Since we see our pups every day, it can be difficult to tell if they should see a groomer. Because of this, our Gilbert vets are here to share some of the early signs you should be on the lookout for that it's time to bring you dog into a groomer and why it's important that you have them groomed routinely.
Why You Should Take Your Dog to a Groomer
We intuitively know when we have to make an appointment with our hairdresser by the way we look in the mirror, but it may be a bit more difficult to tell when it comes to our canine companions. Grooming is a key part of keeping our dogs looking and feeling their best. Not only do regular grooming appointments keep our furry friends from smelling, but also gives a groomer the chance to keep pests like ticks or fleas from taking up residence on your dog.
Grooming will also help keep your dog's skin, coat, and nails in optimal condition, as well as help them, look and feel their best!
Signs Your Dog Needs to Be Groomed
Below we have listed some of the signs that show your dog needs to see a groomer.
Your dog has dirty, matted, or dull fur
One of the first — and most easily recognizable — signs your dog needs to see a groomer is the visibility of dirt or matts on their fur. While all of their outside activities such as playing and running helps to keep them in shape, dirt, mud, and debris can build on their skin and fur, making them dirty. You might even notice an unpleasant odor.
Matted fur can do more than make your dog just look uncomfortable. Mats can actually be bad for their health as dirt, debris and pests may become trapped in their coat much more easily, leading to bacterial infections, disease and skin damage.
Whether it's built up over time or your dog has taken a bath in the mud, our professional groomers are available to clean their coat and make it healthy and shiny once more.
You notice signs of parasites or pests
Whether your dog's fur is matted or not, it can be easy for pests such as fleas and ticks to find homes deep within your canine companion's coat. This could cause skin damage and negatively impact their overall health. In addition to checking your dog every day for parasites and other pests, keep an eye out for signs like excessive scratching, irritated skin, or sores.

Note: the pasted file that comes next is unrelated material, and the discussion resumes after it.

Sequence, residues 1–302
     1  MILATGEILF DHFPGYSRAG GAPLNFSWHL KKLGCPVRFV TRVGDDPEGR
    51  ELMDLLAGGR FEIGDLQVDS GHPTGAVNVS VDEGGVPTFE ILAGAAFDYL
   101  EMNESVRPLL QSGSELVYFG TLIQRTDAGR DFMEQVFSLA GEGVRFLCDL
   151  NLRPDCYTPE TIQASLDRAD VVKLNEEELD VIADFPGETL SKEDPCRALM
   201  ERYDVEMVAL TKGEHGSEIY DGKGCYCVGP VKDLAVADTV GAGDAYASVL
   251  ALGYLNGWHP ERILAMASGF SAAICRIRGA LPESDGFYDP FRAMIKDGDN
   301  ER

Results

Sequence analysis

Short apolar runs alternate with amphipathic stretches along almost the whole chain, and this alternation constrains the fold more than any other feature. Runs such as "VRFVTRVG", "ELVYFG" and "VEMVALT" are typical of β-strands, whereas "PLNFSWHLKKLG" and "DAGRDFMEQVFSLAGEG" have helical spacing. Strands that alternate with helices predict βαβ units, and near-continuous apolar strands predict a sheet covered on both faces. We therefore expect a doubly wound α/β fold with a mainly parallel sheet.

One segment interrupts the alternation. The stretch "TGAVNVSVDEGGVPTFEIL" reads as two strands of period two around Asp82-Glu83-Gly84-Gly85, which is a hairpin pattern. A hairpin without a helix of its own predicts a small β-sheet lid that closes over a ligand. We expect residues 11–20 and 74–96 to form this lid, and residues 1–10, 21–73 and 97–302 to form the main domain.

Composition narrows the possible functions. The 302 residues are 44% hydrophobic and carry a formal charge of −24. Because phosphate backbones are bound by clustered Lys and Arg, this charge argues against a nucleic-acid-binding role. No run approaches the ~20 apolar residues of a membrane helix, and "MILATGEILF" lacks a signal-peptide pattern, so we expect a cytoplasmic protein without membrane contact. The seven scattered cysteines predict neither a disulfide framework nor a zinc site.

Parasites gradually worsen, feeding on your dog and potentially spreading themselves to other people or people in your home. If parasites aren't found and treated as quickly as possible, they can seriously affect your pup's health, draining their blood, energy and nutrients. Parasites are also capable of spreading deadly diseases with their bites. Because of this, they should be spotted and treated as soon as possible
Your dog's ears smell
While dog ears are self-cleaning, wax can sometimes build up in their ears or infection may take hold. If this happens, you will generally notice an odor. Professional groomers can clean your dog's ears and let you know if they suspect any infections.
Your dog is scooting
Clogged anal sacs can be unpleasant for both you and your dog — and painful for your pup. On either side of their behind, dogs have two small anal sacs that contain a fishy-smelling, foul liquid that's normally released when they poop.
Generally, bowel movements will trigger your dog's anal sacs to empty. Fluid can build up if the sacs aren't functioning properly though and your dog's glands may become inflamed. The liquid they hold may solidify, making it more difficult for your dog's anal glands to express their contents. This can lead to pain and discomfort for your dog.
At a professional grooming appointment, the groomer will gently express the glands to release the contents, bringing relief to your dog. The procedure will be followed by a thorough bath.
Your dog's nails are too long
While some dogs naturally trim their nails by walking on hard surfaces like roads, rock and sidewalks, pups that spend all day running around on soft surfaces can have their nails grow uncomfortably long.If you have hardwood or laminate floors and start to hear the clicking of your dog's nails when they walk around, it's time to bring them in for a nail trim.
Nails should be kept neat and trimmed. In a grooming session, our groomer will designate time to examine your dog's nails and trim them if needed.
How Often Should You Take Your Dog to the Groomer
If you're curious about how often to groom your dog (or bring them in for professional attention) the breed, coat type, hair length and lifestyle of your pup will dictate their needs. Long-haired dogs will likely need more grooming than short-haired pups.
Dogs who spend lots of time outside will also need more grooming than couch potatoes or pooches that spend time lounging inside. In most cases, regular grooming should be done about once a month.
Note: The advice provided in this post is intended for informational purposes and does not constitute medical advice regarding pets. For an accurate diagnosis of your pet's condition, please make an appointment with your vet.